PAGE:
Activation Maximization

June 02, 2021
Table of Content


Denote xX:=Rd\mathbf x \in \mathcal X := \reals^d a sample and consider a DNN f:XRKf: \mathcal X \rightarrow \reals^Kwhere KNK \in \mathbb N is the number of classes. The logit (value before applying softmax) of the kk-th class is

fk(x;θ):=[f(x;θ)]k,\begin{aligned} f_k(\mathbf x; \theta) := [f(\mathbf x; \theta )]_k, \end{aligned}

where we explicitly write θ\theta as the parameters of ff.

The goal of activation maximization for the kk-th class is to

xarg maxxXfk(x;θ).\begin{aligned} \mathbf x^* \leftarrow \argmax_{\mathbf x \in \mathcal X} f_k (\mathbf x ; \theta). \end{aligned}

Recall that fk(x;θ)Rf_k(\mathbf x; \theta) \in \reals, the optimization problem above is not well-defined because we can always find x\mathbf x that makes fk()f_k(\cdot) larger. To illustrate, we consider

flinear(x;θ)=xTw+b,\begin{aligned} f_\text{linear}(\mathbf x; \theta) = \mathbf x^T\mathbf w + b, \end{aligned}

where θ={wRd,bR}\theta = \{ \mathbf w \in \reals^d, b \in \reals \} . Here, we can clearly see that making x\mathbf x larger directly increases the value flinear(x;θ)f_\text{linear}(\mathbf x; \theta).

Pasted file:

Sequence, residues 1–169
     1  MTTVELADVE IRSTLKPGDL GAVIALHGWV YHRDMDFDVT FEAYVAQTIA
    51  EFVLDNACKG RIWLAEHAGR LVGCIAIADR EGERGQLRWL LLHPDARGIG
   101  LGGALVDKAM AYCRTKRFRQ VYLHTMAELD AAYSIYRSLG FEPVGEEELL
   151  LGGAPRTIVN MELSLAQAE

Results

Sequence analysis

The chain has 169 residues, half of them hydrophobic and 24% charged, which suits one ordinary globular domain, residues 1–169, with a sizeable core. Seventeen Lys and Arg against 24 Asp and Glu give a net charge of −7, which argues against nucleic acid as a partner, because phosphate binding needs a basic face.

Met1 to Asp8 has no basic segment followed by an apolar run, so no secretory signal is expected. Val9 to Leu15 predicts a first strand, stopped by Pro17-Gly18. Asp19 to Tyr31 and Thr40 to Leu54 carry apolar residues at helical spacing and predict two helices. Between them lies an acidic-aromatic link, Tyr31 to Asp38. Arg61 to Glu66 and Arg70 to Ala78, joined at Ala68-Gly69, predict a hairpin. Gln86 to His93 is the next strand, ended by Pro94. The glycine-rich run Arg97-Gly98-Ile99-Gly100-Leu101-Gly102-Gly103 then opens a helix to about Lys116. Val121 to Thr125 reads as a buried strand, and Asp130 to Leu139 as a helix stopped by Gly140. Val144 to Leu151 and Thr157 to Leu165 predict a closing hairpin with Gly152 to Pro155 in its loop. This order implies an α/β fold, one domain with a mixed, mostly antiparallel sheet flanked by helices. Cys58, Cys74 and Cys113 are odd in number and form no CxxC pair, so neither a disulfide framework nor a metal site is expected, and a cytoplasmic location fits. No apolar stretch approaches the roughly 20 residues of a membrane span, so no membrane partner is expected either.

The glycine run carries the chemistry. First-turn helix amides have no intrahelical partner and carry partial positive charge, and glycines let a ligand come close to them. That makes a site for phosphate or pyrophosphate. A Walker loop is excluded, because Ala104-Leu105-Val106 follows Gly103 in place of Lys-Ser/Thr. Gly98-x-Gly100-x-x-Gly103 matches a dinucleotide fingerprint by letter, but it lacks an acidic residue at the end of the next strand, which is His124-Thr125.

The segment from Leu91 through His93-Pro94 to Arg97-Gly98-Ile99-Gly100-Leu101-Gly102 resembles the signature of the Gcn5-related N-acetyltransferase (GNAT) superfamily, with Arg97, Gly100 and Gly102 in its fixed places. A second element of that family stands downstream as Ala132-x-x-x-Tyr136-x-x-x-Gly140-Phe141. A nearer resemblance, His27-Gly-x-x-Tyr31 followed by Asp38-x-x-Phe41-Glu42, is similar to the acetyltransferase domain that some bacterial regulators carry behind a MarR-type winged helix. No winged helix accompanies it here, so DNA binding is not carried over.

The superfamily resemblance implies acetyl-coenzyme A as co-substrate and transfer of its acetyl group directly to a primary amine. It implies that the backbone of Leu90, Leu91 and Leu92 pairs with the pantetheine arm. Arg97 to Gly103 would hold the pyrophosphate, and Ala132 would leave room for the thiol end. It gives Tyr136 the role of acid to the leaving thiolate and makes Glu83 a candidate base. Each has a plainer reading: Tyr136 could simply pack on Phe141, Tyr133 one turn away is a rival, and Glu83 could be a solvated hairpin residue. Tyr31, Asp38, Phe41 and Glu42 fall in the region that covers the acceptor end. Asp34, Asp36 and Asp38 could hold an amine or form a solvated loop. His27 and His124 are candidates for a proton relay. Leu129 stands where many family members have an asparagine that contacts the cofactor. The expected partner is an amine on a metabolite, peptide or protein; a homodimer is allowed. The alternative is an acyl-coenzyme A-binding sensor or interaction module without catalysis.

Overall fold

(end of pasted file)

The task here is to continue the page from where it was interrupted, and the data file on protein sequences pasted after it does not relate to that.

To make the objective problem well defined, we employ regularization Ω(x)\Omega(\mathbf x), which allows us to specify how suitable solution of the objective problem looks like. For example, one natural choice is the l2l_2 regularizer

Ωl2(x)=λx22,\begin{aligned} \Omega_{l_2}(\mathbf x) = - \lambda \| \mathbf x \|^2_2, \end{aligned}

which prefers the solution with smallest l2l_2 norm. The activation maximization (in literature also known as feature visualization) becomes

xarg maxxXfk(x;θ)+Ω(x)=:L(x;Ωλ).\begin{aligned} \mathbf x^* \leftarrow \argmax_{\mathbf x \in \mathcal X} \underbrace{f_k (\mathbf x ; \theta) + \Omega(\mathbf x)}_{=:\mathcal L (\mathbf x; \Omega_\lambda )}. \end{aligned}

For the case of X=R\mathcal X = \reals and Ω=Ωl2\Omega = \Omega_{l_2}, the objective function becomes concave due to the convexity of Ωl2,λ=λx2\Omega_{l_2, \lambda} = -\lambda x^2.

Fig. 1: Components the Loss for Example 1.

Because of concavity, we now have a close-form solution for flinearf_\text{linear}:

xL(x;Ωl2,λ)=w2λx    x=w2λ.\begin{aligned} \nabla_\mathbf x \mathcal L(\mathbf x; \Omega_{l_2, \lambda}) = \mathbf w - 2\lambda \mathbf x \implies \mathbf x^* = \frac{\mathbf w}{2\lambda}. \end{aligned}

Example 2:

Let XR2\mathcal X \in \reals^2 and denote x=(x1,x2)\mathbf x = (x_1, x_2). Consider f(x)=max(x1,x2)f(\mathbf x ) = \max(x_1, x_2) and Ωl2,λ\Omega_{l_2,\lambda}. The objective function is